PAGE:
Radicalisation and extremism need us working on the frontline

As someone who worked for nearly 20 years in the field of countering extremism, I know first-hand how various ideologies are impacting on vulnerable young minds. I also know that many of the criminal cases that have led to counter-extremism prosecutions have included perpetrators who have shown mental health vulnerabilities early in their lives, which have made them targets for recruiters and radicalisers. These radicalisers, much like sexual groomers, can pick up on the vulnerabilities of such people and they acquire this instinctual ability over time.


One of the core issues that comes out through extremism cases is the search for identity by young people.

This desire for belonging and meaning is manipulated by online radicalisers who project poisonous viewpoints into their victims that restrict what identity is. Their aim is to control the young person’s mind. The identity reductionism involved in radicalisation also means that it creates the perfect mood music for the development of ‘black and white’ thinking in the victim, as opposed to taking positions of nuance around social issues, which is a natural antidote to polarised ‘black and white’ thinking.

Radicalisers, therefore, make sure that they reduce identity in individuals from one that is open, multi-faceted and blended into the experiences of that individual, into a singular and over-arching one that is then perversely fused with the notion that violence is needed in defending this ‘in-group’ of people.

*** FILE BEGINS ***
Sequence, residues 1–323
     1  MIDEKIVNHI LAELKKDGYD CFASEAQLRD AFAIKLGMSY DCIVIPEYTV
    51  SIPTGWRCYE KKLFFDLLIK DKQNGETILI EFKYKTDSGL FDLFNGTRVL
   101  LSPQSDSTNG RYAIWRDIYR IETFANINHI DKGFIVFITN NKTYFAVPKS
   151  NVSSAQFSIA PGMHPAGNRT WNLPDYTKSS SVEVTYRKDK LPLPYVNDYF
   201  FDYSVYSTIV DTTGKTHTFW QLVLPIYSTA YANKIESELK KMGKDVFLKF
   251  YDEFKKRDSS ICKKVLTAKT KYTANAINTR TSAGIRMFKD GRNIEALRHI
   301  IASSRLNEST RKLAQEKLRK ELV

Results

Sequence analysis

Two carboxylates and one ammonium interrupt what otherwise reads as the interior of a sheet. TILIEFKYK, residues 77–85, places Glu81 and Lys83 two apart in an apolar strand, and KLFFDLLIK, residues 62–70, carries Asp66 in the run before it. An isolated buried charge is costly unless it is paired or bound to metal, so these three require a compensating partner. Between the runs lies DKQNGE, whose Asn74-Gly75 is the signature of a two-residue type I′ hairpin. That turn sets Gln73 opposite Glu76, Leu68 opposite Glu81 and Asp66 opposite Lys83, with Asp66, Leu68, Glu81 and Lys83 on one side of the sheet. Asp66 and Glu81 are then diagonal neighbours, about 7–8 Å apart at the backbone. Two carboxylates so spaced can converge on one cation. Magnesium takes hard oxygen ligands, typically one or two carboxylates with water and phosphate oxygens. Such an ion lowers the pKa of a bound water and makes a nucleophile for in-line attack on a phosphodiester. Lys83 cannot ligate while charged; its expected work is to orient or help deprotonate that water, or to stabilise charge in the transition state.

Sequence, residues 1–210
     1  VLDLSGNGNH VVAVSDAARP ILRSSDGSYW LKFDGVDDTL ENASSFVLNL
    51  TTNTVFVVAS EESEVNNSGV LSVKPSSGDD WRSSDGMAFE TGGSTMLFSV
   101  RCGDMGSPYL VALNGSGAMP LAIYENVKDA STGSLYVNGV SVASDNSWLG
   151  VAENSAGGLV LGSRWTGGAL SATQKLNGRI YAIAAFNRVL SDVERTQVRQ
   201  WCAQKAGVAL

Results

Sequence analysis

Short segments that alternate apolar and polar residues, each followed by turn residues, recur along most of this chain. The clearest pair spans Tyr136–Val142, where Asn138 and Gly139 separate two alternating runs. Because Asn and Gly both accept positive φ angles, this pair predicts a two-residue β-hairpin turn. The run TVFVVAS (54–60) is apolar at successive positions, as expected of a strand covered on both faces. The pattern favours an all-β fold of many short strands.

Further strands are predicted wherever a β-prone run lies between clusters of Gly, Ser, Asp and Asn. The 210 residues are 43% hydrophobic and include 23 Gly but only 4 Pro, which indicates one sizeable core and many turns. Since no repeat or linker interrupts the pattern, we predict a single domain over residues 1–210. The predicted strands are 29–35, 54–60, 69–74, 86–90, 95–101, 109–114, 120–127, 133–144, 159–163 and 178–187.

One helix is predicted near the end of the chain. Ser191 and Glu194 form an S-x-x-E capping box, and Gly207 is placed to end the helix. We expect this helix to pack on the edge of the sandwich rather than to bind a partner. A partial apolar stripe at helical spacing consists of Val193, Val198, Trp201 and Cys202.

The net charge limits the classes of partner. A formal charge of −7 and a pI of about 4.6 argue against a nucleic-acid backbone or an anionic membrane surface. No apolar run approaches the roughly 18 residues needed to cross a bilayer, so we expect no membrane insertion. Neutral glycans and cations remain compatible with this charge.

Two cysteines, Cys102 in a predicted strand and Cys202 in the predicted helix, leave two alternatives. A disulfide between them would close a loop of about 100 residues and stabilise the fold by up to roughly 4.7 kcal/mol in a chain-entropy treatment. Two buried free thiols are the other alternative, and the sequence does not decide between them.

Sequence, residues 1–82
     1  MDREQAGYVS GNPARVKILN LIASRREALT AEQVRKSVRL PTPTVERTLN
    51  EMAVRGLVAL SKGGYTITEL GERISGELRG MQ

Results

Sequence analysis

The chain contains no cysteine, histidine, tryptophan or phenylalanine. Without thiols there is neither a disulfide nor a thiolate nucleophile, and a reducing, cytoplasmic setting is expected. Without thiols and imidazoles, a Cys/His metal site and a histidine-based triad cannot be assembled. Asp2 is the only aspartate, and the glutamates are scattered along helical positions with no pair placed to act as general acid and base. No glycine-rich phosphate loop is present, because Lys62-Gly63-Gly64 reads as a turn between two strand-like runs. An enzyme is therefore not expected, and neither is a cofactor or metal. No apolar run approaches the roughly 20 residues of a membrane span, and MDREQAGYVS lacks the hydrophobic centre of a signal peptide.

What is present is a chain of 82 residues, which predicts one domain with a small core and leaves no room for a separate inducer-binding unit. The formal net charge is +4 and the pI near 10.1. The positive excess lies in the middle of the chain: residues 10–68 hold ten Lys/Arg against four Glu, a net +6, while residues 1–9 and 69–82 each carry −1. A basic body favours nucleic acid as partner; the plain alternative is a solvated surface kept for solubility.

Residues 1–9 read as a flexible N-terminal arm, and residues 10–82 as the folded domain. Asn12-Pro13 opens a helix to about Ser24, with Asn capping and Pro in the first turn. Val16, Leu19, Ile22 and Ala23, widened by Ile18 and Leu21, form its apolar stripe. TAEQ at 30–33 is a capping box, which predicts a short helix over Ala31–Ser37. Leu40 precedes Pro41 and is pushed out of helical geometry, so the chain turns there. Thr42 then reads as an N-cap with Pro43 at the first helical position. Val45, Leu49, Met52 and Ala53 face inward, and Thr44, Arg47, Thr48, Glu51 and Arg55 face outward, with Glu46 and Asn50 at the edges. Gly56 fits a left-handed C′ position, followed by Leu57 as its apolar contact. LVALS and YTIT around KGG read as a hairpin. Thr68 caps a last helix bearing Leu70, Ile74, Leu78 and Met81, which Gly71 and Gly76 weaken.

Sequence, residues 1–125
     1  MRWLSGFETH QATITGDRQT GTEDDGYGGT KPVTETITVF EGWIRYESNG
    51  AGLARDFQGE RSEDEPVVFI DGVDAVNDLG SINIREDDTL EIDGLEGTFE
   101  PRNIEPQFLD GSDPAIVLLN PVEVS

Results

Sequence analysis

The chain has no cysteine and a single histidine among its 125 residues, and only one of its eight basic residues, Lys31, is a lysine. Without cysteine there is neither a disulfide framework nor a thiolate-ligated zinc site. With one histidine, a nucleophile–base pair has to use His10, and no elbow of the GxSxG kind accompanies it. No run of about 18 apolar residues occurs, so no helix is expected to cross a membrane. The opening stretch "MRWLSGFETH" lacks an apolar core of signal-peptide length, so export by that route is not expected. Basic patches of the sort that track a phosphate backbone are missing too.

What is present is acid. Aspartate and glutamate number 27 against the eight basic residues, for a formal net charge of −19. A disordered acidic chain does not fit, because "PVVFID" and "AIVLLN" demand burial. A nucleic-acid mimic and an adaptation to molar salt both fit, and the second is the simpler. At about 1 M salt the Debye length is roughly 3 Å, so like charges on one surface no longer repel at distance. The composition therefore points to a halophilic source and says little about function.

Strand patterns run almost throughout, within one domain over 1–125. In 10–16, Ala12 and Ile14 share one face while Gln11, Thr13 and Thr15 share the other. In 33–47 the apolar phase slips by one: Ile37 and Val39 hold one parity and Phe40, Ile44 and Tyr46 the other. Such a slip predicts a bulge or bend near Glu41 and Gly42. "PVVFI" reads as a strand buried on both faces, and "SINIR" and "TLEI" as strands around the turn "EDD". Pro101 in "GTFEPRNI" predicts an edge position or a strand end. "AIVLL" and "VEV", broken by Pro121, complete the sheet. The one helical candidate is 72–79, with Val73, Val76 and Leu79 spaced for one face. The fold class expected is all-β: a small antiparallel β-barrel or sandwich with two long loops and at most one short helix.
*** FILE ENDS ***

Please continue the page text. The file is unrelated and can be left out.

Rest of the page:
Religious, far right, 'incel' and other forms of extremism require therapeutic approaches that can engage with young people and which can untangle narratives and facilitate them to a point where they can see the cognitive distortions in their thinking. However, this can only happen if there is a strong therapeutic connection between the therapist and client, and even then, clients need to be in a place where they are willing to admit that they are having difficulties in their lives because of their thoughts and beliefs.

This, therefore, means that they need to admit that they have a problem and many will not. So, for many young people who have absorbed such thinking and narratives, it is wider society that is wrong, misguided, ‘weak’ and unable to grasp the importance of the toxic ideology that has permeated into their mindsets.

The role of therapy in deradicalisation

The first step in the deradicalisation process is to ensure that we have as wide a range of counsellors whose backgrounds resonate with such clients and who have the ability to develop strong connections with them.

Secondly, we need therapists who can use their curious inquiry skills into getting clients to reflect on their personal experiences and their needs and wants and, by doing so, get clients to reflect on the ideology that they have accepted. No doubt, therapists will have to be able to use gentle challenge, nuance and CBT skills in this process, whilst re-igniting the desire for clients to explore wider aspects of who they are.